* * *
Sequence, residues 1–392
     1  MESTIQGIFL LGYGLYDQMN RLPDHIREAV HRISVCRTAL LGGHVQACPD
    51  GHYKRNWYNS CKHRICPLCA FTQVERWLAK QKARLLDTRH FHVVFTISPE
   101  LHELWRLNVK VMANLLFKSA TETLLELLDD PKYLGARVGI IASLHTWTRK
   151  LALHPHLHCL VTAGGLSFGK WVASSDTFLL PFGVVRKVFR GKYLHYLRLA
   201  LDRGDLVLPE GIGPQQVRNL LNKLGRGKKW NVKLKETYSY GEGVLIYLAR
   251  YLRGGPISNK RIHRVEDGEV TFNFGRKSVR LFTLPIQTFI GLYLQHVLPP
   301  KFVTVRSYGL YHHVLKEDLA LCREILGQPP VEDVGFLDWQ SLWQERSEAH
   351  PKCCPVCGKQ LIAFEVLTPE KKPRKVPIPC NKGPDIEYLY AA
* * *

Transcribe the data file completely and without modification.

Sequence, residues 1–392
     1  MESTIQGIFL LGYGLYDQMN RLPDHIREAV HRISVCRTAL LGGHVQACPD
    51  GHYKRNWYNS CKHRICPLCA FTQVERWLAK QKARLLDTRH FHVVFTISPE
   101  LHELWRLNVK VMANLLFKSA TETLLELLDD PKYLGARVGI IASLHTWTRK
   151  LALHPHLHCL VTAGGLSFGK WVASSDTFLL PFGVVRKVFR GKYLHYLRLA
   201  LDRGDLVLPE GIGPQQVRNL LNKLGRGKKW NVKLKETYSY GEGVLIYLAR
   251  YLRGGPISNK RIHRVEDGEV TFNFGRKSVR LFTLPIQTFI GLYLQHVLPP
   301  KFVTVRSYGL YHHVLKEDLA LCREILGQPP VEDVGFLDWQ SLWQERSEAH
   351  PKCCPVCGKQ LIAFEVLTPE KKPRKVPIPC NKGPDIEYLY AA